Thankfully, this does not prevent instruments from providing a degree of self-diagnostics. For example, many 4-20mA measurement devices also offer HART communications, a bi-directional communication protocol that provides data access between intelligent field instruments and host systems. HART connections can provide some condition-related information, but that does not typically provide enough detailed diagnostic information to determine if the device has drifted away from the parameters set at the factory or during commissioning.
In contrast, modern digital communications links are able to reliably carry both process values (such as flow rates or temperature) and device diagnostics data (such as operational status). Many advanced digitally enabled measurement devices will offer sensor checks including internal connections, an indication of sensor memory failure and an internal electronics check.
Step 2: Interrogate the instruments. With communications in place, device interrogation is the next step. Many devices include inbuilt condition monitoring and diagnostics based on the NAMUR NE 107 standard. To make things easier for the personnel who need to deal with alarms, NAMUR NE 107 categorizes internal diagnostics into four standard status signals – failure, function check, out of specification, and maintenance required – each of which can also contain greater detail. For example, with a failure signal, can the failure be traced to the device, or is the process at fault? Devices with NAMUR NE 107 diagnostics built in allow plant teams to turn off diagnostics that are not required; these teams also can configure how the diagnostics are reported.
Step 3: Verify device accuracy. Field verification and calibration both enable plant teams to maintainin the accuracy of many condition monitoring devices. However, device calibration generally requires the removal of the device which is often costly and impractical within a plant that operates continuously.
Manual verification, performed by hand using multimeters and similar devices to check that the device circuitry is measuring as expected, also suffers from a number of drawbacks. As well as requiring longer downtimes, it also needs specially trained technicians. In addition, every time a person works on a device it creates another opportunity for human error, potentially resulting in further, unplanned downtime.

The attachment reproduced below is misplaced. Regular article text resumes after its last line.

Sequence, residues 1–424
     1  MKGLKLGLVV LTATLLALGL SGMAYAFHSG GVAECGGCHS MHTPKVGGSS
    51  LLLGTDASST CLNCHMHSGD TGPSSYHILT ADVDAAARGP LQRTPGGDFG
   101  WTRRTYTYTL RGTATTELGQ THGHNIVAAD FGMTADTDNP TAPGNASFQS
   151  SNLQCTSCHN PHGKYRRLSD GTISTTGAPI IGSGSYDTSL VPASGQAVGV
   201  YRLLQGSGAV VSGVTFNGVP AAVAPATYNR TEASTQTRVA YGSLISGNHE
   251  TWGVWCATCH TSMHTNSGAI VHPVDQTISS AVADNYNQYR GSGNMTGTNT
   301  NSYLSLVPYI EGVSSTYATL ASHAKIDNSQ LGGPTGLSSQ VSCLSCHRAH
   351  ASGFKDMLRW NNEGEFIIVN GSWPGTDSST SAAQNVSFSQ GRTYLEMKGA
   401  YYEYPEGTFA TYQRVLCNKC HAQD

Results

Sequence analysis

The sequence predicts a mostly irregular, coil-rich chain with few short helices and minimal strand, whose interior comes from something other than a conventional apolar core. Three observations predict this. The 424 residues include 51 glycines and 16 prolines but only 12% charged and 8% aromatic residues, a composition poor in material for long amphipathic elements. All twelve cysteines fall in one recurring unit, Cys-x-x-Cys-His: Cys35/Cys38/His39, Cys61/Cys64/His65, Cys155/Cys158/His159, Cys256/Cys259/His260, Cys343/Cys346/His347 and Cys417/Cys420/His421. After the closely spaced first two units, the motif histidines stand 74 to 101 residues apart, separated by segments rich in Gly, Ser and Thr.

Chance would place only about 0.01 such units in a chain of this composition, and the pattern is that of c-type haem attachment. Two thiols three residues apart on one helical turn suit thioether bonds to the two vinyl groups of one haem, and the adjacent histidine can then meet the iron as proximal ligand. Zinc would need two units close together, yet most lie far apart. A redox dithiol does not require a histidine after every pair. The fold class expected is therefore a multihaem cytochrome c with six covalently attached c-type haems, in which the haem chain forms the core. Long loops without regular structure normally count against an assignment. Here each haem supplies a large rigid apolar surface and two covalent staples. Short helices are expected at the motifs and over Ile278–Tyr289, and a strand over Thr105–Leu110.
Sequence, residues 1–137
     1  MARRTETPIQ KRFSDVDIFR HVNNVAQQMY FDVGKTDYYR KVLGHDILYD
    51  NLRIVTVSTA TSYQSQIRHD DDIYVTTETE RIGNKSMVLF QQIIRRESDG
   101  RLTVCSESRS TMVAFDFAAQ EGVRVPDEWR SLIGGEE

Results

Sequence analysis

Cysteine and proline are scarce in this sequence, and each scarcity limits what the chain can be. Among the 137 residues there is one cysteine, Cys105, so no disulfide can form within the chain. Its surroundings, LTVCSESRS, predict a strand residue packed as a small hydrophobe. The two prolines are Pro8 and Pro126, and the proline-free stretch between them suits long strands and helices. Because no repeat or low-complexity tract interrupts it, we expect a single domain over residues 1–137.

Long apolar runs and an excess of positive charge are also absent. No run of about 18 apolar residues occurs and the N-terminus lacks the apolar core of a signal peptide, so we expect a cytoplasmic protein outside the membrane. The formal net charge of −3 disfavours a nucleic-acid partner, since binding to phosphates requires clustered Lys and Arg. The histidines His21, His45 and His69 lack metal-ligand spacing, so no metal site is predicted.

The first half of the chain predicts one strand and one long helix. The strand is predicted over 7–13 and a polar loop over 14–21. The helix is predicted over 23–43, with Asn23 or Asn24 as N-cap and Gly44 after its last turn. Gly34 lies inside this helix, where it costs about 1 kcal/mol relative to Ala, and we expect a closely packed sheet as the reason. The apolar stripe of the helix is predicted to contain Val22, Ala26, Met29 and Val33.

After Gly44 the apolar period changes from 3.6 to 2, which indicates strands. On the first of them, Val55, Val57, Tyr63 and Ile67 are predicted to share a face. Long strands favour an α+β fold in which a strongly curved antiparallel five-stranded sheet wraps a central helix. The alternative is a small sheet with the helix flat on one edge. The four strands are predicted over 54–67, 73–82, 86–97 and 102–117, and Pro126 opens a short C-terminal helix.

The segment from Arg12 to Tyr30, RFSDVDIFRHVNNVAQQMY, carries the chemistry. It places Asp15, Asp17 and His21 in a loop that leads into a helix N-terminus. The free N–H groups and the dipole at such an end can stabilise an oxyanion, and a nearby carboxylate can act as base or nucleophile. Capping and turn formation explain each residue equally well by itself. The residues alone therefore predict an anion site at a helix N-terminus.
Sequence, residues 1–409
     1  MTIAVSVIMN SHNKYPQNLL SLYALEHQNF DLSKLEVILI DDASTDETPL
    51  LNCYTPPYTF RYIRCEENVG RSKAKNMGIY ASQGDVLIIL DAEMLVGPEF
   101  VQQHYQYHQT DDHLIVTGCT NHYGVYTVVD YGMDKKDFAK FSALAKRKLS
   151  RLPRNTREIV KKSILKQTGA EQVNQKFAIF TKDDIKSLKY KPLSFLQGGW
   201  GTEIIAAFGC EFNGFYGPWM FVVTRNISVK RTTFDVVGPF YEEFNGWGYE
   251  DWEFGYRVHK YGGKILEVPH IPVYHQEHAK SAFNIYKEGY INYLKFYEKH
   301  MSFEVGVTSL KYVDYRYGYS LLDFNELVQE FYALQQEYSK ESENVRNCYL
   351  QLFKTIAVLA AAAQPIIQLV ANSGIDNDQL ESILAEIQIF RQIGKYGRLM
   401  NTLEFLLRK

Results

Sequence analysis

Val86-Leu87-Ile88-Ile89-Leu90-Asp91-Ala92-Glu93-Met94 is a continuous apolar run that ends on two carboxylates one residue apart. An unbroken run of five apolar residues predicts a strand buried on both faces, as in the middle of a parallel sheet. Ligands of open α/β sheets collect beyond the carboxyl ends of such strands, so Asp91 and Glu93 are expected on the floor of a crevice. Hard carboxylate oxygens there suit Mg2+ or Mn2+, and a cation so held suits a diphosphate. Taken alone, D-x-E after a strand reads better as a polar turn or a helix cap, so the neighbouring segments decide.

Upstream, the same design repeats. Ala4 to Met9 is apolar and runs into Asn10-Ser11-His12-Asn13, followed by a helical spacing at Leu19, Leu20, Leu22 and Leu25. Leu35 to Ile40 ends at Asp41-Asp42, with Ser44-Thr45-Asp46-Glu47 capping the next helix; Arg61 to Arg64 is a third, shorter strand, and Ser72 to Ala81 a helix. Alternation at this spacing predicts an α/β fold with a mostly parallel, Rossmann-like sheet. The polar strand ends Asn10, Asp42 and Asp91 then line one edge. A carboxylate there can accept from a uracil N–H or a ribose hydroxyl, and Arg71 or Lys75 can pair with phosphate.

Software verification is faster, but it often means using different software packages for different types of devices because one type of verification software may not work with all devices from multiple suppliers or with the many different communications protocols.
Even so, some of the best modern verification software packages can be used for many device types, comparing their settings to when they were first commissioned or calibrated and determining if their performance has degraded in the meantime. These software packages can often perform a deep analysis of the device’s condition with no need for specially trained technicians. A report is produced on the calibration variables, assessing the limits and determining if the device has passed or failed on each one.
The decision about how far to go with condition monitoring is ultimately a matter of cost versus benefit. Where that decision falls for each plant team will depend on many factors, such as the criticality of equipment and the size of the facility, for example. However, thanks to the increasingly rich data sets now available as standard from digital instruments, adopting a condition monitoring approach to sensor networks is one area where the balance has largely tipped in favor of using digital diagnostics more widely.